BUTTE — Class B basketball and volleyball fans around Montana have likely heard the name Rachel Van Blaricom by now.
She’s the leading scorer for the No. 1 Jefferson girls basketball team that competes in the loaded Southern B, averaging nearly 14 points per game,.
The undefeated Panthers (9-0) have lofty expectations and Van Blaricom is often the focal point of opposing defenses. But Jefferson coach Sarah Layng has noticed a calmness this season that Van Blaricom lacked in the past.
“She's playing now, I think, probably a lot more relaxed and confident than her earlier years,” said the third-year Panthers head coach. “Her freshmen and sophomore years, probably, I think she felt some pressure and different things, especially being so young and being in the starting role. I think she's moving along and I think she's playing a lot more relaxed now than she was, just because she's older, she's more confident and she trusts herself a lot more.”
Van Blaricom, who recently committed to MSU-Northern, pointed out that having a clearer idea of her future has helped her relax.
“(In the past) I would be worried about personal statistics because I was worried about what the colleges are looking at, because they only see like box scores and stuff,” Van Blaricom said. “So you kind of worry about it more when you're looking for a college, but I already know where I'm going. So there's no need to stress about it. And it's actually been really fun.”
A two-time all-state basketball selection, Van Blaricom also eclipsed 1,000 career points this season. While scoring points is nothing new for the third-year varsity starter, she said that it was a fun to be able to share the moment with her family, friends and team mates.
Entering Jefferson’s Jan. 6 game against Twin Bridges, Van Blaricom sat at 999 career points. A second-quarter free throw pushed her into quadruple digits.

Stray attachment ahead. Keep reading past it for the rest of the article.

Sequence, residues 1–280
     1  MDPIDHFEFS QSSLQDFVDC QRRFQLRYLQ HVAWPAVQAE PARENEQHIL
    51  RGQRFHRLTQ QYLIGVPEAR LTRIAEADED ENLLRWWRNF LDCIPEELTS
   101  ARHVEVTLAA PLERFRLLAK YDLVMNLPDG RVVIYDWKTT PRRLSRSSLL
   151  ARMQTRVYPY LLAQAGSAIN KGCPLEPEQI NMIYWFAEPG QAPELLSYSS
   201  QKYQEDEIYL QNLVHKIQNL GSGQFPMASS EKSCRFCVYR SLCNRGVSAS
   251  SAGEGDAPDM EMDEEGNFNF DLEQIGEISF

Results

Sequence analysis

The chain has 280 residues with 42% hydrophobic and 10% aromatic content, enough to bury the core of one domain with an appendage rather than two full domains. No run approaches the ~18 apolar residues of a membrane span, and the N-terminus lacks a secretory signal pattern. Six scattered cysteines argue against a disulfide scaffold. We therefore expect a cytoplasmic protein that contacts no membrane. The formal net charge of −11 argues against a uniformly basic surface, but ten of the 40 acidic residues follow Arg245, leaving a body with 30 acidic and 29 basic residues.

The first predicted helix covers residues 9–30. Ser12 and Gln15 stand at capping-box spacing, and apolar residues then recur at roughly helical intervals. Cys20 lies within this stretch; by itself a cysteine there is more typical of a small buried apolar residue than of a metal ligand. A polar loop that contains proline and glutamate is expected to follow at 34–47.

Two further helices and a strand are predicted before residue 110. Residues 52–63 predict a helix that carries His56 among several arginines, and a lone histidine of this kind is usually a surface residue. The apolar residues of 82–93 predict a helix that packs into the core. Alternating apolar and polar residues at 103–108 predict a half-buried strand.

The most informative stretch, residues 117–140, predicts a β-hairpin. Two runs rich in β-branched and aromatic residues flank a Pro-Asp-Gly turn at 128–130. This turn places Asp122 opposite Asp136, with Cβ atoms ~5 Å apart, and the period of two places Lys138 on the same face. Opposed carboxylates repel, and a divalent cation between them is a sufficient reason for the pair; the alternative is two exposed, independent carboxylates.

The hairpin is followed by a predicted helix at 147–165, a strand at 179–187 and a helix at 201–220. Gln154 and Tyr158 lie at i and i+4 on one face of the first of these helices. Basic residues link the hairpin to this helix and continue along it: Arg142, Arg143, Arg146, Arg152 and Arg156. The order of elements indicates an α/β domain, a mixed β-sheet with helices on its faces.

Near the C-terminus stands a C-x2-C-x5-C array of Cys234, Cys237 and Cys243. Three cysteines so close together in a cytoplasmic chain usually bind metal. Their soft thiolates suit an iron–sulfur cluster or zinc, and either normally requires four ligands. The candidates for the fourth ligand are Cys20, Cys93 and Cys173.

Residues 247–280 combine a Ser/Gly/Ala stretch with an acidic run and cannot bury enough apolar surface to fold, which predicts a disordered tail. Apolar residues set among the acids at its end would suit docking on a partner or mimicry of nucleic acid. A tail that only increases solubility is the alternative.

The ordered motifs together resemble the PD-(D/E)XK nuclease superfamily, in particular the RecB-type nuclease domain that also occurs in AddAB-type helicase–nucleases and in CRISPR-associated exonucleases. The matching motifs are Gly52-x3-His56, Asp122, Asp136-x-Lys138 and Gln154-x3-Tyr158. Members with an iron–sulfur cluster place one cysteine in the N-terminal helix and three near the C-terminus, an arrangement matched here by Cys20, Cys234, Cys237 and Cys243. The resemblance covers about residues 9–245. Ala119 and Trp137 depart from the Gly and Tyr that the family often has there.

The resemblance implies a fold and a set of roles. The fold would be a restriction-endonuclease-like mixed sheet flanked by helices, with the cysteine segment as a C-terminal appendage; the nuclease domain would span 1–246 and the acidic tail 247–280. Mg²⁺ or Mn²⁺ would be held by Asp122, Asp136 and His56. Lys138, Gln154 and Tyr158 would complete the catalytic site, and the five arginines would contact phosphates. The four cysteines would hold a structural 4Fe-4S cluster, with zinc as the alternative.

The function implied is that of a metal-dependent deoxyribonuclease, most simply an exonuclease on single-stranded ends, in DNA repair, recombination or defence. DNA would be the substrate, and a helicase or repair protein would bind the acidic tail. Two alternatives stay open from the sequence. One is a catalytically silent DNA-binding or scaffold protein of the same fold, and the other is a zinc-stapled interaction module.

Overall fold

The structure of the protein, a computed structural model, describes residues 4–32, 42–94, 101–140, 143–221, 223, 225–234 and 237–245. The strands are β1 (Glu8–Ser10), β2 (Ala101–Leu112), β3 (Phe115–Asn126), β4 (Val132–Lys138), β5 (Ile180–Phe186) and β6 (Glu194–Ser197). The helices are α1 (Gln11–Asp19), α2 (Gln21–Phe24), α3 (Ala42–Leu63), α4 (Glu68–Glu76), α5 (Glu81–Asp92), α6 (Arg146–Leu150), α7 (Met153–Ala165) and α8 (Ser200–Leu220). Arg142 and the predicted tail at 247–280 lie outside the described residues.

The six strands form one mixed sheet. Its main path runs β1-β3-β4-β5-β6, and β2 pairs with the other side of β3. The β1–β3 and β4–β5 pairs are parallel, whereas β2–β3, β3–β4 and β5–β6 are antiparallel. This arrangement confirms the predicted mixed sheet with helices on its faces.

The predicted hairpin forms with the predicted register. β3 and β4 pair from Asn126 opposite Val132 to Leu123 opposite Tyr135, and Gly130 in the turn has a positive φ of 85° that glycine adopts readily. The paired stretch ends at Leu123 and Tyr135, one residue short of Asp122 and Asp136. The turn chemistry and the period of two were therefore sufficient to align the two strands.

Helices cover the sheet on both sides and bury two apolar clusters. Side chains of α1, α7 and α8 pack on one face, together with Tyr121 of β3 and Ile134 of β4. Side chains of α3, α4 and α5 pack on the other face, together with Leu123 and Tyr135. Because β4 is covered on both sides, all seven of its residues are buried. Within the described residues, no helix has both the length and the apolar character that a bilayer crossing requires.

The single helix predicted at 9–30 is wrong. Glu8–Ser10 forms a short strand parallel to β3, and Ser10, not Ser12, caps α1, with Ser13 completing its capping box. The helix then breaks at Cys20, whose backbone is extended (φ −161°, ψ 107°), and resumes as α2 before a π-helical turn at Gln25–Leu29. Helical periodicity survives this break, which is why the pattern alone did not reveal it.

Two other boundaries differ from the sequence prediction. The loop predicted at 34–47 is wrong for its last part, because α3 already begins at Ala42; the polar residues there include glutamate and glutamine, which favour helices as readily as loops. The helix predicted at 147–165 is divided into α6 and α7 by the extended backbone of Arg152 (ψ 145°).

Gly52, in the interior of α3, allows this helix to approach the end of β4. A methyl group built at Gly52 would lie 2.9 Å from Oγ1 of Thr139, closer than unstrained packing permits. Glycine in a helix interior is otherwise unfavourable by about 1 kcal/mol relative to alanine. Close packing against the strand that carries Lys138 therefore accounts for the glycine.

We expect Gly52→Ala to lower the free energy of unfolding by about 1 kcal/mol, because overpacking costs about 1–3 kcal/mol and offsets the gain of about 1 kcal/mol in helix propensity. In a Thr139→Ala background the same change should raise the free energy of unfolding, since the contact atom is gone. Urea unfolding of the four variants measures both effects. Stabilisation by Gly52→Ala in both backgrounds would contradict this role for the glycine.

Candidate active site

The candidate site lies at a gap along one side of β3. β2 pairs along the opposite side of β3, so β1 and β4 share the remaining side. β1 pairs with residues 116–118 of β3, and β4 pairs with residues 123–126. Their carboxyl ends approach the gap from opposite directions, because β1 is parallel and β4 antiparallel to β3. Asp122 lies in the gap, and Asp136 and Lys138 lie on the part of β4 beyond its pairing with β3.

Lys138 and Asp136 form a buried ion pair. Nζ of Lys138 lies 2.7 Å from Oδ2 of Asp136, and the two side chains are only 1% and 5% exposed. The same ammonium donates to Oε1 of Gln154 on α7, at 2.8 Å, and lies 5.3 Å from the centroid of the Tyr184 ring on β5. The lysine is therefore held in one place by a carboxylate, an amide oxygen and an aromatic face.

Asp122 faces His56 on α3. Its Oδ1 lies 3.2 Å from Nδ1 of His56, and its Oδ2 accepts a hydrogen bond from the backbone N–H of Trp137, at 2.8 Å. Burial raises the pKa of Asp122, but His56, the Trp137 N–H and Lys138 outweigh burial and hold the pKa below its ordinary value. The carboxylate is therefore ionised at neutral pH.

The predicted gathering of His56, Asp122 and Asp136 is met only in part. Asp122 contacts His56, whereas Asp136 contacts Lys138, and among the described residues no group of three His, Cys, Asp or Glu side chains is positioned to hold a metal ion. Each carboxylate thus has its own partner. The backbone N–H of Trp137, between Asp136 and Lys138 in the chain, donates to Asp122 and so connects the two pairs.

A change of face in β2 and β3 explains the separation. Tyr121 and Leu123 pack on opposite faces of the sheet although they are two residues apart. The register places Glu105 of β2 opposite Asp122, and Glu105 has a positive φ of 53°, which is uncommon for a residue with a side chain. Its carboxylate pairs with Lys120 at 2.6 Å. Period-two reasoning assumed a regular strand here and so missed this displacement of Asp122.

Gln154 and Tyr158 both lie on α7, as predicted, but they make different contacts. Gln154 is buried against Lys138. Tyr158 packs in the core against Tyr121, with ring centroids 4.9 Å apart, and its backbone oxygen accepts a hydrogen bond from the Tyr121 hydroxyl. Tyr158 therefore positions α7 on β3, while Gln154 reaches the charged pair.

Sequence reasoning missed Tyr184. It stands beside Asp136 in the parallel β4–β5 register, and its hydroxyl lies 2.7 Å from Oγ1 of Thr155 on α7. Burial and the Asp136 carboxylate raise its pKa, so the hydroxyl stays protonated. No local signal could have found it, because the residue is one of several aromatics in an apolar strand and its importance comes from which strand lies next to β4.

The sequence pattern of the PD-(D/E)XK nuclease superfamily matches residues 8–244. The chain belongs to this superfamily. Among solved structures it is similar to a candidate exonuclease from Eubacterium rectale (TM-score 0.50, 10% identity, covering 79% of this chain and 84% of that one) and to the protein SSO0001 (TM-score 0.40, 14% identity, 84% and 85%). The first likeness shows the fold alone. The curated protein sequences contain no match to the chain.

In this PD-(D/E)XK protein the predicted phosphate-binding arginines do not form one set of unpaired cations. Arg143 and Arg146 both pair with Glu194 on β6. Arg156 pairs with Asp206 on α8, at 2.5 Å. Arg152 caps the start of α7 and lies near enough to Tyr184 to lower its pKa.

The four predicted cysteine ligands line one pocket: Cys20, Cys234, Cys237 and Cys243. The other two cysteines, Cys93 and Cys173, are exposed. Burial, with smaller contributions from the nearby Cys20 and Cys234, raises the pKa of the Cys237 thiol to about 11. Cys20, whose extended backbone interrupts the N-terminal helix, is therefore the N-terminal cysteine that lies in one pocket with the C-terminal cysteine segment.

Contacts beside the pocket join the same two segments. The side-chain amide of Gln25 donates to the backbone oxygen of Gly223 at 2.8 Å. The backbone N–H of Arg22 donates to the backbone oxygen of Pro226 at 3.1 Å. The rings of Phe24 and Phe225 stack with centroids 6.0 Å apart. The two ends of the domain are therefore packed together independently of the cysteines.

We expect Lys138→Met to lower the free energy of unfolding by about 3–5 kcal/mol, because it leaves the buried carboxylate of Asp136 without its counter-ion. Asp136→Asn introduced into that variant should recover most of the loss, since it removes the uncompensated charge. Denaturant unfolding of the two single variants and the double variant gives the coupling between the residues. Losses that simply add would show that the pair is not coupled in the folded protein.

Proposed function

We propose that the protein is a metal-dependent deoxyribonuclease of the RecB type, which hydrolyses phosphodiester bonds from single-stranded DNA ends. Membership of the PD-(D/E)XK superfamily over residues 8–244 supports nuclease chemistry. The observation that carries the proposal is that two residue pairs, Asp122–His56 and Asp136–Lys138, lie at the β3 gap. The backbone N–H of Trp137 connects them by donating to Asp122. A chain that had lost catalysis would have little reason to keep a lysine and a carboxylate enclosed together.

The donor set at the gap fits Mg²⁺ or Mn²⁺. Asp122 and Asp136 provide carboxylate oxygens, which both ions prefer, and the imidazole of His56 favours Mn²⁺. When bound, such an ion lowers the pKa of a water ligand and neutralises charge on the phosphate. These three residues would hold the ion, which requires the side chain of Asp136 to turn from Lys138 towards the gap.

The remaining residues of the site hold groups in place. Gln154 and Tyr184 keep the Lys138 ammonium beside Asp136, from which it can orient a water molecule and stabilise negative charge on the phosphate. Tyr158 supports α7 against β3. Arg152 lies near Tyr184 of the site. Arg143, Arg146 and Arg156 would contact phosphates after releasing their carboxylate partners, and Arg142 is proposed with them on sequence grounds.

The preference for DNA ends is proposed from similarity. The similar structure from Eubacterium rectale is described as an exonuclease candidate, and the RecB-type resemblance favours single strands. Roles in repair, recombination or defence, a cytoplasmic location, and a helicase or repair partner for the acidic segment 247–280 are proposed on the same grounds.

“Everybody stood up and then my coach called timeout, and the announcer said that I reached 1,000 points,” Van Blaricom said. “It was really sweet and my friends had made some signs that said, ‘Welcome to 1,000-point club, Rachel.’ And it was just one of the most fun moments in my high school career.”
Van Blaricom, who lived in Butte before moving to Clancy just before 8th grade, said that she didn’t expect to land at MSU-Northern when she began talking to colleges. In her mind at the beginning of the process, she figured she’d end up at Montana Western, Montana Tech or MSU-Billings.
But when she visited Havre for a Skylights’ basketball game against University of Providence, Van Blaricom said the campus, coaches and players won her over.
“I couldn't really find anything wrong with it,” she said. “So why continue to worry about college if I know pretty much exactly where I want to go?”
Van Blaricom plans to major in biology, or a similar science that will provide a pathway to veterinary school. Her desire to become a vet stems from her love of animals she has grown up with. Van Blaricom rode horses during her childhood, but says she has an especially soft spot in her heart for dogs.